Carbs Are Your Enemy
Carbohydrates are your primary source of energy, and they aid in repairing muscles during the recovery period after a workout. While an overabundance of refined sugars in your diet will contribute to a larger waistline, that doesn’t mean you should avoid “good” carbohydrates like fruits and whole grain. Make smarter choices about the carbs that go into your body, but don’t completely deprive yourself of the food you (and your body) enjoy.
The BMI Trap
In your quest for weight loss, you may think there’s a number you need to be married to – a lofty weight loss goal that may be completely unrealistic and only serve to further discourage you. Most often, that number is selected based on what the supposedly all-knowing Body Mass Index has to say. However, the problem with pounds is that they don’t all look the same. Your height and muscle mass can greatly skew your BMI number and make it seem like you need to lose more weight than necessary. Instead, set small goals for yourself along the way, so you can acknowledge the minor achievements on your path to weight loss success. Similarly, you’ll want to reassess your overall weight loss goal, disregarding the BMI trap and forming your expectations based on a fat percentage test and your current state of mind. In other words, measure your success by how you feel and how many inches you are losing – not pounds.
At the end of the day, there are countless gimmicks, tricks, and lies about weight loss that are designed to make us buy a certain product or live a certain lifestyle, false information that capitalizes on our inner desire to be the best versions of ourselves. These myths negatively influence the way many people view dieting, and greatly affect their ability to lose weight. Luckily, you can help dispel these myths! Pass on the truth to the people you care about by sharing this article with your friends and relatives. If they then share this information with their friends and relatives – well, who knows, you may even transform someone’s life. Encourage people to seek out weight loss programs that support real results over the long-term, not a quick fix, starvation-based program that is unsustainable. Armed with the right fitness and nutritional education, you can finally overcome your lifelong struggle with weight loss.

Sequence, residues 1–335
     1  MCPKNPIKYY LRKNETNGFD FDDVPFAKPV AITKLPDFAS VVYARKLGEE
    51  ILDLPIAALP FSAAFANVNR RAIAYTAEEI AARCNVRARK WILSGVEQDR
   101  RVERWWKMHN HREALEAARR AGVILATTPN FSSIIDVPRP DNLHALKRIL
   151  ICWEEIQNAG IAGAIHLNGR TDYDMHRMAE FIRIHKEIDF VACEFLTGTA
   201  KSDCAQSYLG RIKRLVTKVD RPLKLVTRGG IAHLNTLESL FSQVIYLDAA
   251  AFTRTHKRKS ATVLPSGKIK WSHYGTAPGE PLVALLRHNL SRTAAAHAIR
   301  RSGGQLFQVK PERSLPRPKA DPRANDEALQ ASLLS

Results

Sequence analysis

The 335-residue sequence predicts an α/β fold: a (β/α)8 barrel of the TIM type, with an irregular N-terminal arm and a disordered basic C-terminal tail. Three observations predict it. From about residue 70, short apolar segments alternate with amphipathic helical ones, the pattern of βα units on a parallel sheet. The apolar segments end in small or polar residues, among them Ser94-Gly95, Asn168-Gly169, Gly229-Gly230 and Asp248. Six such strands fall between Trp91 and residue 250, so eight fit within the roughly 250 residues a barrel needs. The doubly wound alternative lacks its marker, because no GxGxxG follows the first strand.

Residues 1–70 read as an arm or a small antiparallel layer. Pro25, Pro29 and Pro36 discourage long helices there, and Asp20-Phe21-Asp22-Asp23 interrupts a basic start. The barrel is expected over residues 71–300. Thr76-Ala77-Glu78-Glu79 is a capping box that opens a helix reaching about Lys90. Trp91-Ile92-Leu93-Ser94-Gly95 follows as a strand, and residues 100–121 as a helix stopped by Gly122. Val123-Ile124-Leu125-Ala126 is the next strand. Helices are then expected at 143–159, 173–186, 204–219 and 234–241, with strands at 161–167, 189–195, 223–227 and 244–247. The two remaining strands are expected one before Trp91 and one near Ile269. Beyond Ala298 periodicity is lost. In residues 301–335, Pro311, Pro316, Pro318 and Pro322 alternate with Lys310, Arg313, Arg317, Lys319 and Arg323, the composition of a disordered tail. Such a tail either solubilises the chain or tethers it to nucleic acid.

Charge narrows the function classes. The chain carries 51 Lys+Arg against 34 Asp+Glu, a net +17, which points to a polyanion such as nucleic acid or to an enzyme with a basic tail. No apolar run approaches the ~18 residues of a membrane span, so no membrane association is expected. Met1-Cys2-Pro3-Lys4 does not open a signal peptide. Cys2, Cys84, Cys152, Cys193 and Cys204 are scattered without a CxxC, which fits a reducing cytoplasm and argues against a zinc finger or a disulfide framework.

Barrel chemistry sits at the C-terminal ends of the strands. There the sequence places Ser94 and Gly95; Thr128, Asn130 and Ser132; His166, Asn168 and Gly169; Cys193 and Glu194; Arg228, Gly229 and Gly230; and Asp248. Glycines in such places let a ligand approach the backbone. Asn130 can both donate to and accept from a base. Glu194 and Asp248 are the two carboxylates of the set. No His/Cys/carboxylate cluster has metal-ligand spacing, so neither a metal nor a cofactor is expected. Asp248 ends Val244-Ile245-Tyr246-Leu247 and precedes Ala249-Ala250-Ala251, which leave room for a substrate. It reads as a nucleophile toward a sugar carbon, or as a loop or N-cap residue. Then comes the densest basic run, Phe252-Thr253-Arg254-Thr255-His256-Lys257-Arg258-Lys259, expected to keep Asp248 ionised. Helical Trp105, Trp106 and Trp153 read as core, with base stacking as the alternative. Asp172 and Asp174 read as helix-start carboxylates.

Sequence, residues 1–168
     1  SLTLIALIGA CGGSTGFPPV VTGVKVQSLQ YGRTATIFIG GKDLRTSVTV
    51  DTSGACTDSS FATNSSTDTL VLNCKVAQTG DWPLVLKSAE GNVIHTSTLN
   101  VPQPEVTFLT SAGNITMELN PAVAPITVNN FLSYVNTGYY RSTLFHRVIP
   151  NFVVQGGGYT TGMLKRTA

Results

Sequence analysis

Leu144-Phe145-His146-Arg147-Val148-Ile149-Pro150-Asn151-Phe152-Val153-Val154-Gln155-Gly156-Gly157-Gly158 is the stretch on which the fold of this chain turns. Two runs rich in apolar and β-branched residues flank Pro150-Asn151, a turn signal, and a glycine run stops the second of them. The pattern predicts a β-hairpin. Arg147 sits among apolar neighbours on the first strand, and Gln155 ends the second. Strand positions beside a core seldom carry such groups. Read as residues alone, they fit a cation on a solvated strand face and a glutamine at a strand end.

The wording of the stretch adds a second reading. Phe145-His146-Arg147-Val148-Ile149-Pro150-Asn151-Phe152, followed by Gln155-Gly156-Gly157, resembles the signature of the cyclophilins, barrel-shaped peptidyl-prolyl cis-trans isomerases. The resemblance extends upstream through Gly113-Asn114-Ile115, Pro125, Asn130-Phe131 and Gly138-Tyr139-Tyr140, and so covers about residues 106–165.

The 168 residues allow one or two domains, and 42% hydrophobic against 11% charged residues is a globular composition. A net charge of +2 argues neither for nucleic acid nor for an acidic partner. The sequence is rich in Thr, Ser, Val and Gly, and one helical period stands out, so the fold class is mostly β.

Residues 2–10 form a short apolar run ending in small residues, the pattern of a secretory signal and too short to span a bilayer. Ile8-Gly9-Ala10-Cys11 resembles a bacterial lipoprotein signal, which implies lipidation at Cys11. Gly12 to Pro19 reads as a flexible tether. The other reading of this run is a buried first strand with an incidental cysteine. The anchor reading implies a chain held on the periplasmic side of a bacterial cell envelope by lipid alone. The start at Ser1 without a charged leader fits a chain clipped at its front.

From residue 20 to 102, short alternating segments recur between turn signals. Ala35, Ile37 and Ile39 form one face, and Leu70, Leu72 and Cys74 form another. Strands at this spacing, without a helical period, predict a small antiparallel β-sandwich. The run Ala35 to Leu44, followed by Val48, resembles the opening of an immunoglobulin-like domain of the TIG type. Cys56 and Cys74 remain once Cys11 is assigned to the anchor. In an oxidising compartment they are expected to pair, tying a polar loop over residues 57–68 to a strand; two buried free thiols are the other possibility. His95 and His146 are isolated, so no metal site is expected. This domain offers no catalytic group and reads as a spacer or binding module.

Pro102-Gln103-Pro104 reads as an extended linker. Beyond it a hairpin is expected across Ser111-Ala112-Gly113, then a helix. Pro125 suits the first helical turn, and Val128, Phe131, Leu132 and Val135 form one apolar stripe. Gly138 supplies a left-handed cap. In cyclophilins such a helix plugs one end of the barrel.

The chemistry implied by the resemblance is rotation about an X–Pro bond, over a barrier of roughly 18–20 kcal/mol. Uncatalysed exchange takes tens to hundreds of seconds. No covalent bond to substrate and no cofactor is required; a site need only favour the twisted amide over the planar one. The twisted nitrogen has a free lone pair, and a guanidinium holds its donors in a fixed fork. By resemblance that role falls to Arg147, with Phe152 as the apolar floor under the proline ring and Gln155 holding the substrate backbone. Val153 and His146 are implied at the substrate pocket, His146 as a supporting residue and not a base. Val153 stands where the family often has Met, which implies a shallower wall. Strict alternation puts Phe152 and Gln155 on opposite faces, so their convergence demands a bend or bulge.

Guest Post Bio: The Biggest Loser Resorts are award-winning wellness destinations in Chicago, Malibu, Niagara, and Utah. Each resort offers an affordable fitness, dieting, and relaxation program to help guests develop healthy lifestyle habits. If you’re ready to improve your life, book your stay at The Biggest Loser Resorts.
*If you’re interested in snagging a spot for a guest post, please e-mail me at email@example.com. I’d be more than happy to discuss details! Topics can be success stories, tips, recipes, etc. as long as it’s related to healthy living.14 notes
Motivation tip: Drop the “all or nothing" attitude. You’re only setting yourself up for failure or disappointment every time something doesn’t go quite as planned. So you didn’t make it to the top this time. And? That doesn’t mean you should drop everything and start over. Go about it this way: You did it. You made a mistake (it’s human). You learned. Now, use your new found knowledge to keep climbing the mountain. If you have to stop, just enjoy the view. Bask in the glory of the things that you’ve already accomplished. On the plus side, you’re still closer than you were before, right?! There’s no point in sliding all the way to rock bottom only to end up climbing the same mountain two, three, or even ten times. Talk about exhausting!